“The ventilation system had also been installed before I arrived,” Holmes says. “It wasn’t going to pass inspection, so the builder asked me to fix it.”
The two ERVs had been installed 15 feet off the floor in a wall cubby. The four pipes leading in and out of each ERV had been crossed, so Holmes labelled and removed them, lowering the units to a serviceable location.
Lowering the units created a new challenge; it was no longer possible to hide the ductwork. Holmes used galvanized spiral duct, leaving it exposed for an industrial look. He also relocated the ERV controls. These had been randomly mounted, but now they’re installed directly beside the main heating system thermostats; one in the master bedroom and one in the library. The t-stats are Honeywell T10 Pro Smart Thermostats, providing Wi-Fi connectivity so the owners have remote access.
Before finishing the job last November, Holmes ran gas lines from the meter to four fireplaces, two outdoor fire pits, a gas grill and the kitchen cooktop. A wine room has yet to be finished, but the zone in that space is completely installed, lacking only a thermostat.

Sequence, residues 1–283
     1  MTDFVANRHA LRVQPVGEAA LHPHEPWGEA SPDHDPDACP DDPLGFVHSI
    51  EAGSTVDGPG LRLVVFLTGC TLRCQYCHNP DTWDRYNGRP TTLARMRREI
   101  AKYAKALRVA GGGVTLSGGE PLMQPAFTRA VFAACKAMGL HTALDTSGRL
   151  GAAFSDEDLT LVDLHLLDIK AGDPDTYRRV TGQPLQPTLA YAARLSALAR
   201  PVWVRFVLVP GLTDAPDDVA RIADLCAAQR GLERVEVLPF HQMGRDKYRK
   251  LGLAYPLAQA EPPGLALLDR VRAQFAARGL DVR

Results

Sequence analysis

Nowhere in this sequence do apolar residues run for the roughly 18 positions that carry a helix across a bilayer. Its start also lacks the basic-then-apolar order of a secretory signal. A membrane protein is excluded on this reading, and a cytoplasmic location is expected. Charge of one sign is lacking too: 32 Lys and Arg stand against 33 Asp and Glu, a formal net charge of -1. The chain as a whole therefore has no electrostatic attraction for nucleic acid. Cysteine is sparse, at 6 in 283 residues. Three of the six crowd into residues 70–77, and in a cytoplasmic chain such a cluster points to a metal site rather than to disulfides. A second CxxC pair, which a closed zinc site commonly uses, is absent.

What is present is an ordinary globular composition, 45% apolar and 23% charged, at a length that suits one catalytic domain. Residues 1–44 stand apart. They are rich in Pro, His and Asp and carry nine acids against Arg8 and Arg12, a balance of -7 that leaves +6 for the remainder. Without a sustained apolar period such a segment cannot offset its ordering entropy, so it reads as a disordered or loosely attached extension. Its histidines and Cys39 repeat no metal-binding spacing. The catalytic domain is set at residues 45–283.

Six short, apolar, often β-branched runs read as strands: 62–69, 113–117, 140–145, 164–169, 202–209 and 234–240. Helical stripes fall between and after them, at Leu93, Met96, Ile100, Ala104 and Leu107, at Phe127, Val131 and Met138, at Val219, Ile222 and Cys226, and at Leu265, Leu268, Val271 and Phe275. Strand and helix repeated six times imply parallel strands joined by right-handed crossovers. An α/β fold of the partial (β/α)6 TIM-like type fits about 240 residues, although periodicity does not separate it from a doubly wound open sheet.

The home was purchased for $5.3 million and was occupied last January. The buyer was also responsible for covering a $50,000 use tax, specific to buying a home in Breckenridge. Holmes is already quoting a second project for FMJ.
“Mike had exact knowledge of what we needed for this house and was prompt and efficient in delivering what he promised,” Farrell says. “We sold it knowing that it will be as comfortable, healthy and efficient as it looks.”